In four years, Israel dedicated three military operations in Gaza to fighting Palestinian Islamic Jihad, a small Iranian proxy organization. Hamas, the ruling party of Gaza, which operates an army with tens of thousands of missiles and elite commando units, had been largely left to its own devices since the Guardian of the Walls operation in 2021. We paid the price of war — as did civilians in Gaza — for zero strategic gain. Why? Because Palestinian Islamic Jihad was the easier target. Israel wanted to avoid a big war in Gaza, and we got a slaughter in Israel.
Meanwhile, Hamas manipulated its way to this moment. It secured de facto immunity from Israel’s military force and got Qatari money every month for basic needs to help ensure the population didn’t revolt. Politicians and military officers alike have spent the past two years leading the public to believe that Hamas was deterred, that it was not interested in a full-on escalation and was internalizing its role as the legitimate government of Gaza.
Now many in Israel are asking, understandably, how did one of the best intelligence operations in the world fail to see the signs? One answer is that we tend to ignore details according to our preconception — which in this case was a misconception about what Hamas is and what its intentions really are.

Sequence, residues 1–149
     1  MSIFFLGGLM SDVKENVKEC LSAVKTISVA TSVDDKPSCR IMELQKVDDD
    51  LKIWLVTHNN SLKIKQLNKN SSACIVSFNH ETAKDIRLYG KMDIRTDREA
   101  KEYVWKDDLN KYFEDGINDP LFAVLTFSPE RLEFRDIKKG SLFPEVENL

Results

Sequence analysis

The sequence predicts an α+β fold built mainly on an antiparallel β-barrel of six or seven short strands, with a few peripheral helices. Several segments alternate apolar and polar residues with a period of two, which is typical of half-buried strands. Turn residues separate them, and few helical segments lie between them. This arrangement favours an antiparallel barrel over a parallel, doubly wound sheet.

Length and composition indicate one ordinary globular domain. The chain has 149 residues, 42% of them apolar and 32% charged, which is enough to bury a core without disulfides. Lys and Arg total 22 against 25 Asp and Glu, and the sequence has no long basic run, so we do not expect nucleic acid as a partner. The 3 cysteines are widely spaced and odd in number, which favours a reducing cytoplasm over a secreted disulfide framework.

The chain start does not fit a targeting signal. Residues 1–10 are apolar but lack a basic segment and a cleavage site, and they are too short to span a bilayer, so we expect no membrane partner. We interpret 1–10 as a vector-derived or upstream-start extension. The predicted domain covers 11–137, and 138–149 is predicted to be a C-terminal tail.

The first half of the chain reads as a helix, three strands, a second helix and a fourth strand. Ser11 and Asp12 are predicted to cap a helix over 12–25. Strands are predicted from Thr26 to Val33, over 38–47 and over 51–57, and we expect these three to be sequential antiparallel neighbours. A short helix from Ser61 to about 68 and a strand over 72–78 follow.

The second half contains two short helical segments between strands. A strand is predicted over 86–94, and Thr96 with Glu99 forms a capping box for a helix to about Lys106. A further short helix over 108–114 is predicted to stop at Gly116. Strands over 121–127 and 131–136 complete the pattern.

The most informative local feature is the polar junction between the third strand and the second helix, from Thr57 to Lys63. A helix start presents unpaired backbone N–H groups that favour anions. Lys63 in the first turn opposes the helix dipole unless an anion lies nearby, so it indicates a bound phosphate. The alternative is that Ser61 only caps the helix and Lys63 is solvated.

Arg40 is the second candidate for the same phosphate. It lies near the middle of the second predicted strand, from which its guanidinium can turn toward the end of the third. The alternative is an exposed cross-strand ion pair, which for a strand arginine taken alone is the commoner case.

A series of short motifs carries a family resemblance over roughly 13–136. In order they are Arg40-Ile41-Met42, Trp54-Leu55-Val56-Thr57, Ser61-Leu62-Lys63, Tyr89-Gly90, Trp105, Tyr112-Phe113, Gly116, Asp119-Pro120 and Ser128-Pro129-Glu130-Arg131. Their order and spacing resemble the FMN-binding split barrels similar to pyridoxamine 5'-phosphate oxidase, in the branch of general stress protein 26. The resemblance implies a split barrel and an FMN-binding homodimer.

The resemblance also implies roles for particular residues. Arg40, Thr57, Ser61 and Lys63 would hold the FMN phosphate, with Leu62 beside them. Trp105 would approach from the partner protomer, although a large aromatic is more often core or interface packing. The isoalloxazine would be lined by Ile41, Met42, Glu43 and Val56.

But this is just part of the story.
In the past five years, as Israel dissolved government after government and held divided election after divided election, and even more so in the past year since Benjamin Netanyahu was re-elected prime minister, the nation has been busy tearing itself apart from within. The Jewish state seems to have forgotten its second role in the world, as a place that embodies the idea of Jewish solidarity. Israelis instead found themselves engaged in an all-out war — not against terrorists but against themselves.